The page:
C W Wells’ sculptures and works on paper are ambassadors that have spilled out from her private world, mere fragments of a vast and complex oeuvre. Her studio and home in South Philadelphia is an archive, kept well stocked with an arsenal of supplies like brushes, clays, glazes, toys, molds, tiny clothes, dolls, and tchochkes. Action figures designed by artists Marcel Dzama and R. Crumb share shelf space with Gumby, Yogi Bear, and other old-school cartoon personalities. There are model trains and dollhouse miniatures, paint-by-numbers, vintage collectables, and two live bunnies. They also remind me of that episode in CSI Las Vegas (the “miniature killer”)…
B/D has been a fan of Barnaby Whitfield’s work since we featured him way back in issue X. We’re totally in love with his beautifully rendered and grotesquely exquisite pastels but were surprised to find that he is dabbling in the world of performance. Watch Barnaby’s performance as well as a informal roundtable discussion about the performance and his work in this video for the Douglas Kelley Show. Keep up the good work Barnaby!
To all our bald readers: we may have a new solution for you. Water Wigs is a new photography experiment by action photographer, Tim Tadder. The series consists of high-speed still frame images from a photo shoot that combines bald men with buckets of water. The images are snapped right at the moment the water hits the head to create a hair-like form. Take a look at some of our favorites from this extensive series after the jump.
Joel Tretin calls himself a Photo Humorist and that description seems perfectly apt. His photo series Stranger in Paradox “looks at what’s true and totally screws with it.” At first glance, the pictures seem deceptively straightforward—portraits of the city shot in a somewhat generic ad-agency aesthetic. Hidden in plain sight are the visual jokes: a parking ticket on the windshield on a sports car in a building height ad; a carousel over a revolving door; an elephant walking though the green murkiness of a subway. The Photoshop manipulations are mostly seamless—it really looks like that woman is pushing an eight-seat stroller, and that sporty yellow cab looks real next to its stodgier brother. A stack of cars make the most of a lone parking space.
The subtlest images make you work for them. A lit Wall Street façade, American flags… oh, there. The don’t walk sign is flipping the bird. The traffic sign points to the “Road Most Taken” an apparent play on Robert Frost’s Road Less Taken.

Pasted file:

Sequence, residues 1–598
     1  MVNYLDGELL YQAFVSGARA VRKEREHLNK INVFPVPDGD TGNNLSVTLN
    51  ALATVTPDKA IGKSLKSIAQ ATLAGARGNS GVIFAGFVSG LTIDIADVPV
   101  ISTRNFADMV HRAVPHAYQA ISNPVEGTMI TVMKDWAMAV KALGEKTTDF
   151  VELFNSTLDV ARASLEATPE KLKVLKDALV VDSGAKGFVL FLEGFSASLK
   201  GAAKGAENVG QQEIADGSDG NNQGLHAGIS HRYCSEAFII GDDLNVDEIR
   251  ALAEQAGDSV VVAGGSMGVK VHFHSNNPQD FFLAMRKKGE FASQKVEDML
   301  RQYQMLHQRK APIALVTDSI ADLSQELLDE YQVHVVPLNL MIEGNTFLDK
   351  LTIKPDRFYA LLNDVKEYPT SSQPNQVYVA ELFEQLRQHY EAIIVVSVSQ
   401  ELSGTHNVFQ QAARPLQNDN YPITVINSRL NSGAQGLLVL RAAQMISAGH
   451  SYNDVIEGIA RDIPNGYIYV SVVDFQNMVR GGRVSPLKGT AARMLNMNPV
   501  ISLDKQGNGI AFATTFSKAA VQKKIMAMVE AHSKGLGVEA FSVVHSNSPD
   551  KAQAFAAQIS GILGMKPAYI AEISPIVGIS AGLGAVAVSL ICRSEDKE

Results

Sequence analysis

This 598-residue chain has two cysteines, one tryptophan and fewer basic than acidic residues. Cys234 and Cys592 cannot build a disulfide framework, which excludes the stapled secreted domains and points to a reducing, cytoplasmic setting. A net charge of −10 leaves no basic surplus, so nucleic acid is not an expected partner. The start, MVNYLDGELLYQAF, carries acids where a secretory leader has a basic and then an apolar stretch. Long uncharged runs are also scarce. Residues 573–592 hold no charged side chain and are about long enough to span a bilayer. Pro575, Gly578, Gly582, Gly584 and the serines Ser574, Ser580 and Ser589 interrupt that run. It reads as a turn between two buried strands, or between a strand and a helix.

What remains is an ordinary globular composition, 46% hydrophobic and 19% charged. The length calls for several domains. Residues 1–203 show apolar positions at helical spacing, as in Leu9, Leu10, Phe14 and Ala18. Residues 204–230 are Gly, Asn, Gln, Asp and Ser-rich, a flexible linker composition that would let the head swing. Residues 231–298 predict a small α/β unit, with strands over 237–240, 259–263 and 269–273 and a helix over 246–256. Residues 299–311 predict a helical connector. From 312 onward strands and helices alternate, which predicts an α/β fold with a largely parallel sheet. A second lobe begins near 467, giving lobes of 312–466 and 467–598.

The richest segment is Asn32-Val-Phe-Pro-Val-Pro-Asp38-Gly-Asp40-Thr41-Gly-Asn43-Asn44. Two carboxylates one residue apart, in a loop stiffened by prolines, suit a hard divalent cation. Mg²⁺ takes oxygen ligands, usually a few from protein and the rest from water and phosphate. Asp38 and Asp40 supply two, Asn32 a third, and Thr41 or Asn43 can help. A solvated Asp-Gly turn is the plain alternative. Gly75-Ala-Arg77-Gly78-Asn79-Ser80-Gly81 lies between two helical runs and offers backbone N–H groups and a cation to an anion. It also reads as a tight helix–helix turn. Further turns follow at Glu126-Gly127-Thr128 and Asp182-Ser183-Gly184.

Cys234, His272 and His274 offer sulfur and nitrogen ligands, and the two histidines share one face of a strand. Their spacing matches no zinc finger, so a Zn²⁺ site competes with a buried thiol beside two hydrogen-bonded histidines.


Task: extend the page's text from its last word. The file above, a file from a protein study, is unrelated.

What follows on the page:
Photo manipulation in art is often used to create surreal imagery. And these pictures are surreal in that they portray things that are unreal and often fantastic, but the photos lack the intention and technique that transform pictures into fine art. Which seems to be just fine with Trentin, who says:
I am a failed stand up comedian, who now tries to make people laugh through photography.
Kimchi and Chips is a design studio that creates 3-D installations using light in a variety of ways. Their most recent project is Light Barrier, where they project morphing shapes like circles and pyramids on mist. Their aim is to “add to the visual language of space and light” which they deliver. The shapes appear and disappear slowly, fading away into each other in time to sounds. It’s mesmerizing to watch, and you’re conscious that this is truly something you would never be able to see or possibly even envision without the advanced technologies we have today.
In another of their projects, Lunar Surface, they create orbs of light that look like moons. The moons are imposed on photographs of industrial room (maybe within the Kimchi and Chips studio?) so it looks as if they exist within those spaces. The moon shapes are created using an interesting approach. A sheet is set up with fans on it so it will move. A projection of the circumference of a circle is set up on the sheet, and a sensor picks up the movement of the sheet so that they create the shape of the moons. Once again, the shapes create a new visual language. They seem like jellyfish orbs floating in air. (Via Artlog)
Heres a chance to meet renowned artist (and B/D fave) Emilio this saturday at Giant Robot2 as well as other great artsts at Giant Robot2 on Sawtelle. He will be presenting his latest works as part of the Year of the Ox show.
Emily Deutchman’s “Presidents with Boob Faces” are exactly what it sounds like: a collection of paintings of the United States presidents with breasts appended to their facial features. After graduating from Skidmore College, the young artist found herself doodling human mammary glands on portraits of her friends, and she soon extended the project to historic leaders of the free world. With the exception of Obama’s portrait, which is modeled after the iconic “Change” poster, each piece is based off of its subject’s official presidential portrait. The facial features of each man dictates the placement of the breasts. For Ronald Reagan, it’s skin above the neck. For Clinton, it’s the nose. Some of the boobs are painted from actual breasts, sent to the artist by friends.
While Deutchman insists that the work has no clear agenda aside from humor, she invites political interpretations. With the expected candidacy of Hillary Clinton in 2016, dialogues on women in politics have come to the fore, and we are asked to consider the gender inequality that persists in the upper echelons of power. There are few art pieces that exude the machismo of the presidential portrait, and in adding female sex organs to the idealized masculine visage, the artist subverts our notion of national power and authority. Deutchman’s use of pastel-toned watercolors heighten the feminine softness inherent in the work. A more naughty glance at the work renders it a scathing satire of contemporary politics and the corruption of high offices. Take a look. (via Lost at E Minor)